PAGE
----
Profiling Team Romney: US Rep. Joe Barton, R-Texas
Republican presidential candidate Mitt Romney’s short list of possible energy secretaries includes Tea Party-backed U.S. Rep. Joe Barton, R-Texas, the House energy committee chairman who gained infamy for his apology to BP’s CEO Tony Hayward during congressional hearings in 2010, as the Deepwater Horizon catastrophe unfolded.
“I’m ashamed of what happened in the White House yesterday,” Barton said to Hayward for the whole world to hear, referring to “the slush fund” (his words) established between the Obama administration and BP in which the oil giant would provide $20 billion over four years to help remedy damages from BP’s Gulf oil spill.
“I think it is a tragedy of the first proportion that a private corporation can be subjected to what I would characterize as a $20 billion shakedown,” Barton said. “Speaking for myself, I apologize. I do not want to live in a country where anytime a citizen or corporation does something wrong, they are subject to political pressure that amounts to a shakedown, so I apologize.”
Afterwards, Democrats demanded Republicans strip Barton of his ranking member status. The Grand Old Party rotates chairmanships every three terms, however, and since Barton took leadership of the energy committee in 2004, he was already out of the running for a fourth term as chairman, despite his new label as the notorious apologist.
When it comes to energy, Barton self-admittedly has made a public service career out of deregulating the oil and gas industry and opposing U.S. EPA environmental regulations.
In April, after EPA issued a 588-page final rule for the oil and gas sector on new source performance standards and emission standards for hazardous air pollutants, Barton characterized the measure as EPA playing politics with domestic energy.
“New technologies are unlocking vast reserves of oil and natural gas that can power our nation for generations in an environmentally friendly way,” Barton said in a press release. “Instead of doing proper research and relying on sound science, the EPA is playing politics with our nation's energy supply and economy. This rule is another example of EPA expanding its role in national energy policy.”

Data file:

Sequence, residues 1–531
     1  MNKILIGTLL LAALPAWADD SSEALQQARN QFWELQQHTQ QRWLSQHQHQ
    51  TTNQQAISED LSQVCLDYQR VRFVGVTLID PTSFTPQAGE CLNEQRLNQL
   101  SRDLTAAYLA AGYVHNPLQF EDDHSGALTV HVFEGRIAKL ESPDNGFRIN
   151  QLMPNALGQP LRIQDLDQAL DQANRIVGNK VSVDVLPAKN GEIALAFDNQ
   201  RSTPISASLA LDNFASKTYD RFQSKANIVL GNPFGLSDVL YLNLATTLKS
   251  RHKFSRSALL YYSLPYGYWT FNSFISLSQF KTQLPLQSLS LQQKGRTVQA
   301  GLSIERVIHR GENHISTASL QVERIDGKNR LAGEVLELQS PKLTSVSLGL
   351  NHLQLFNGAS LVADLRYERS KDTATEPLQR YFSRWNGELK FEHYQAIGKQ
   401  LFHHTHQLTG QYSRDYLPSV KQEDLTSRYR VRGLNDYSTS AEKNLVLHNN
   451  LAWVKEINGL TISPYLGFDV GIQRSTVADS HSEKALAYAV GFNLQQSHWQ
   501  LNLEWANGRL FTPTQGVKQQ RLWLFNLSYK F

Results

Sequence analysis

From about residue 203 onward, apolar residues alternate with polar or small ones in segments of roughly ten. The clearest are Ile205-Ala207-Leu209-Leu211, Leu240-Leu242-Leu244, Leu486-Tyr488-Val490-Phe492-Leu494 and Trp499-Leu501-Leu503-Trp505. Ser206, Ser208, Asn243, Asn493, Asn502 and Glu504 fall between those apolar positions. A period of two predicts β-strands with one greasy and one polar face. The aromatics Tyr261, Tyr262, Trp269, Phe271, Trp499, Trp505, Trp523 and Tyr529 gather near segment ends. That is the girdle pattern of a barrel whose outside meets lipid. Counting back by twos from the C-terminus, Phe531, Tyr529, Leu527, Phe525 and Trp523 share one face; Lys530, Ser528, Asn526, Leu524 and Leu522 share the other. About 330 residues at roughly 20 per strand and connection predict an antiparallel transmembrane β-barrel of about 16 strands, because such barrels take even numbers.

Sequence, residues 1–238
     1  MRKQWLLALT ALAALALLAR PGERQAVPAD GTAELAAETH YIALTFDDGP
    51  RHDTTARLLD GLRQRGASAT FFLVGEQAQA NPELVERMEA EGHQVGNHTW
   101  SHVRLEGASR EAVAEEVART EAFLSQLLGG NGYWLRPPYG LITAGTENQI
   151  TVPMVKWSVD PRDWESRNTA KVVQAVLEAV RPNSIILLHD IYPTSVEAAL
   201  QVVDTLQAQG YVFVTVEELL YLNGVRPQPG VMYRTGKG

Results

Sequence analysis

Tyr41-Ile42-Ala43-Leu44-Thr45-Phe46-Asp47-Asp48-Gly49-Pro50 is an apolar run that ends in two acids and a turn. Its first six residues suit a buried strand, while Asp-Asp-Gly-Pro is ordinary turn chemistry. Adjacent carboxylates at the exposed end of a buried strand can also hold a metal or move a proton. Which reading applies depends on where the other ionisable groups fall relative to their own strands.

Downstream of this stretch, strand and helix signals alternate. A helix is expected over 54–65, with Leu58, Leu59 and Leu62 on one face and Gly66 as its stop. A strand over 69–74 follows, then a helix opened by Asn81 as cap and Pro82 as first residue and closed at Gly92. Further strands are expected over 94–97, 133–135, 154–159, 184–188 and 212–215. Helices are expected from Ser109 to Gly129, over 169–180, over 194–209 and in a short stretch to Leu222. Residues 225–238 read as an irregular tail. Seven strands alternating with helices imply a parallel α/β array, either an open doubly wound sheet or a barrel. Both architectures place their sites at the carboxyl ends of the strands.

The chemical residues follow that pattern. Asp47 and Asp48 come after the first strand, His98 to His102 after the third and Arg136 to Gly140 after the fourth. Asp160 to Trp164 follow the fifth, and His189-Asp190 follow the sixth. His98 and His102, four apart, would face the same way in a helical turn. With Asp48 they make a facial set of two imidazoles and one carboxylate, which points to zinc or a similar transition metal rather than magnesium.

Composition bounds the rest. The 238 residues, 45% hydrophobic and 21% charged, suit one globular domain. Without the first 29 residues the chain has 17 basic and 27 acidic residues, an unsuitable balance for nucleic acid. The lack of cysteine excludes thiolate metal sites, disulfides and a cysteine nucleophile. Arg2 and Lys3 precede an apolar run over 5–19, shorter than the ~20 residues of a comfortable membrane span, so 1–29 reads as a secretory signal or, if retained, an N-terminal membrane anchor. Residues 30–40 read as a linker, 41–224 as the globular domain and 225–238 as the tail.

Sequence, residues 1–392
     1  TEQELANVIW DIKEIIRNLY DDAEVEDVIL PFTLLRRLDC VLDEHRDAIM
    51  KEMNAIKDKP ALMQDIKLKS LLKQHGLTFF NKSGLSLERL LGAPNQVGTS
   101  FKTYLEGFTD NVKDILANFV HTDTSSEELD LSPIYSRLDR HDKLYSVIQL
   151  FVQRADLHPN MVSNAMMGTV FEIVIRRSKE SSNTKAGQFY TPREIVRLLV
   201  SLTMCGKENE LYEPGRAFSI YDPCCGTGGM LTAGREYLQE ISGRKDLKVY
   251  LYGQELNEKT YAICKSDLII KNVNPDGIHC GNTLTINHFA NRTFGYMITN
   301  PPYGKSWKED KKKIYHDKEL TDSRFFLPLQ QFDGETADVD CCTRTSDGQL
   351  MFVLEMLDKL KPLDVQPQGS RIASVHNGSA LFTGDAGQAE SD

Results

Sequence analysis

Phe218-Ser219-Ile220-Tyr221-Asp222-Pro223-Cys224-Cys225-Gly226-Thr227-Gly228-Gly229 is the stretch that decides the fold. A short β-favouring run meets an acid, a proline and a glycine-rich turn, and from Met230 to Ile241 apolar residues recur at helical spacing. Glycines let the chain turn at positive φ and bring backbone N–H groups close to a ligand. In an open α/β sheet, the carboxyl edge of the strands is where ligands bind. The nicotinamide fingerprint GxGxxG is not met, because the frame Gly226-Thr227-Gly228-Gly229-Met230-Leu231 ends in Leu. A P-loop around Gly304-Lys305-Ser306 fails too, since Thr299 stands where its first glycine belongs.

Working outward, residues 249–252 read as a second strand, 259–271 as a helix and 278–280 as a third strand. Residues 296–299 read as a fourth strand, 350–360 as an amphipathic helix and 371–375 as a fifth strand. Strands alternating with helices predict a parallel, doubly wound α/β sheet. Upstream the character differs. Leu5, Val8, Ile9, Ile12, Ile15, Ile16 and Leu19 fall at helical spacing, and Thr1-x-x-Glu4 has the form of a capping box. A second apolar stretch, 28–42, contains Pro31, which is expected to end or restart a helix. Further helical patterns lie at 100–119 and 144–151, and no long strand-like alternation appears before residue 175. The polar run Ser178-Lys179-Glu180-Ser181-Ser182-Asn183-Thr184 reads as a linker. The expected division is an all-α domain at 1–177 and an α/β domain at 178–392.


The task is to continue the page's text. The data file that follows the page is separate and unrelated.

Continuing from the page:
In defense of Barton’s position on renewable energies, he introduced the Energy Policy Act of 2005, the comprehensive bill that introduced the nation’s first renewable fuel standard, signed into law by Pres. George W. Bush. Despite its inclusion of RFS1, the legislation, however, was largely touted as means to expedite domestic oil and gas development.
In fact, the act specifically excluded hydraulic fracturing fluids from the Safe Drinking Water Act, meaning oil and gas companies need not disclose chemicals used in fracking fluids that have contaminated ground water supplies in several documented cases.
Two years later, Barton voted against passage of the Energy Independence and Security Act of 2007, in which the significantly expanded renewable fuel standard (RFS2) was passed. RFS2 included the first-ever biomass-based diesel carve-out, helping boost domestic biodiesel production. The law gives EPA authority to grow the biomass-based diesel mandate beyond 1 billion gallons after 2012, and just recently EPA finalized the 2013 renewable volume obligation for biomass-based diesel at 1.28 billion gallons, a move lauded by the U.S. biodiesel industry.
Barton’s most documented commentary on EISA relates to its phase-out of the inefficient incandescent light bulb. He proposed legislation to repeal the phase-out on two different occasions, both of which failed.
When H.R. 1084 (the “Fracturing Responsibility and Awareness of Chemicals Act of 2011”) was introduced, Barton chose not to cosponsor it.
“Any idea of proposing Mr. Barton for a position anywhere near an energy portfolio would be a national and international disaster for the country,” Peter Brown, CEO of biodiesel technology provider Euro Marketing Tools Inc., told Biodiesel Magazine. “His website has no mention of biofuels, let alone biodiesel. He has urged the DOE to stop spending money on alternative fuels and the only concession to renewables is wind and solar.”
Brown is referring to Barton’s response to the Obama administration’s 2013 DOE budget earlier this year. “I heard a line this week from a friend of mine,” Barton said in a March press release. “He said that the President says he is for an ‘all-of-the-above’ energy policy, but in practice he's only concerned with ‘all-of-the-above-ground’ energy—wind and solar. When people head to work they need gas in their tanks—so we can't turn our backs on reliable fuels, while risking billions of taxpayer dollars on unproven sources of energy. … What concerns me is that much of the increased funding requested in your budget is related to clean energy initiatives and advancing renewable technologies…”
Editor’s Note: This is the third of a six-part series profiling the agricultural and energy advisors to the Romney/Ryan campaign.
To view part one, Adam Putnam's profile, click here.
To view part two, Jack Gerard's profile, click here.
To view part three, Harold Hamm's profile, click here.